La Prairie makeup is a pure indulgence. You can tell that from the second you open the box and look at the packaging, to the way it feels to dip your brushes in the colors and apply them gently, hoping to create the most elegant ladylike look. La Prairie color range has always been understated with plush textures that do their best to flatter the skin. With that said, one of my most beloved blue eye shadows was La Prairie Hematite. It's discontinued now, probably because the brand's typical customer is not likely to be a blue eye shadow kind of person. It's too bad.
The subtle neutral hues in the current range are still very satisfying to use. The satin smooth texture is easy to place and blend. It takes very little effort (or planning) to achieve a sophisticated and very polished look, and I've yet to meet a brush that doesn't work with this light yet rich formula. Swatching is probably not the most impressive introduction to La Prairie eye shadows. Like all of the others I've tried, these are gossamery and delicate, mostly buttery if you stick a finger them, and create a puffy cloud of powder if you're only trying to get the pigment to show. It's when they're actually on the lid that you see the subtlety of the light hitting the various colors.
The single shadow in Quartz is a baked peach kind of a color. It's like a very light cinnamon or a pinkish brown, and is rather unique. It's also a warmer color than La Prairie's beautiful Agate. I find Quartz to be a great companion to the eye shadow quad in Les Cristals, especially if you want an extra warmth in the crease or to take it to a slightly different place. Les Cristals is a classic neutral palette: cream, pale taupe, silver, and an almost matte charcoal that's a bit more stiff (all the other shadows, including Quartz have a satin/sheen finish).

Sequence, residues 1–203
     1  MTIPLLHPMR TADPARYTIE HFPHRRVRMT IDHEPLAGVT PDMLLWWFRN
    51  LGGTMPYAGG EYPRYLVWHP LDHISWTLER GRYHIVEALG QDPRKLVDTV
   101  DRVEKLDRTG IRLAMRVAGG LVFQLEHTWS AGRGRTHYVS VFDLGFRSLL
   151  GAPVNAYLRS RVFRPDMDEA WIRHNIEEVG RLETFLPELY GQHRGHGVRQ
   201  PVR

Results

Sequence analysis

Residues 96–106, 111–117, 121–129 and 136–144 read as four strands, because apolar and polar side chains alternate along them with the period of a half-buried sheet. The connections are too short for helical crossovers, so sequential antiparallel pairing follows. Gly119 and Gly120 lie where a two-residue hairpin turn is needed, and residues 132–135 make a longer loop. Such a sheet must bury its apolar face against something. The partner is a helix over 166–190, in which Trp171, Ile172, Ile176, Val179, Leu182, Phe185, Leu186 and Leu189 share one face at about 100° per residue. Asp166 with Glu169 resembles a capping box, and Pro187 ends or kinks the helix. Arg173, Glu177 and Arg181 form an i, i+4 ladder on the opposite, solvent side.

Two things are annoying about these La Prairie eye shadows. This is a super luxury product, near the top of the price/weight. They perform as such, but you will see fallout when you start working with them. The extremely fine texture makes cleanup a non-issue (kick it off with a fluffy brush), but I know enough people who will find it a drawback. Then there are the silly little applicators that come in the compacts. This is 2017, not 1971. We all have quality brushes, so please give us a little more actual product in the pans and acknowledge that we know how to use makeup tools.
Bottom line: there are far worse ways to indulge yourself.
La Prairie Les Cristals eye shadow quad ($70, made in USA) and & Quartz single ($45, made in USA) are available at Neiman Marcus and other select locations.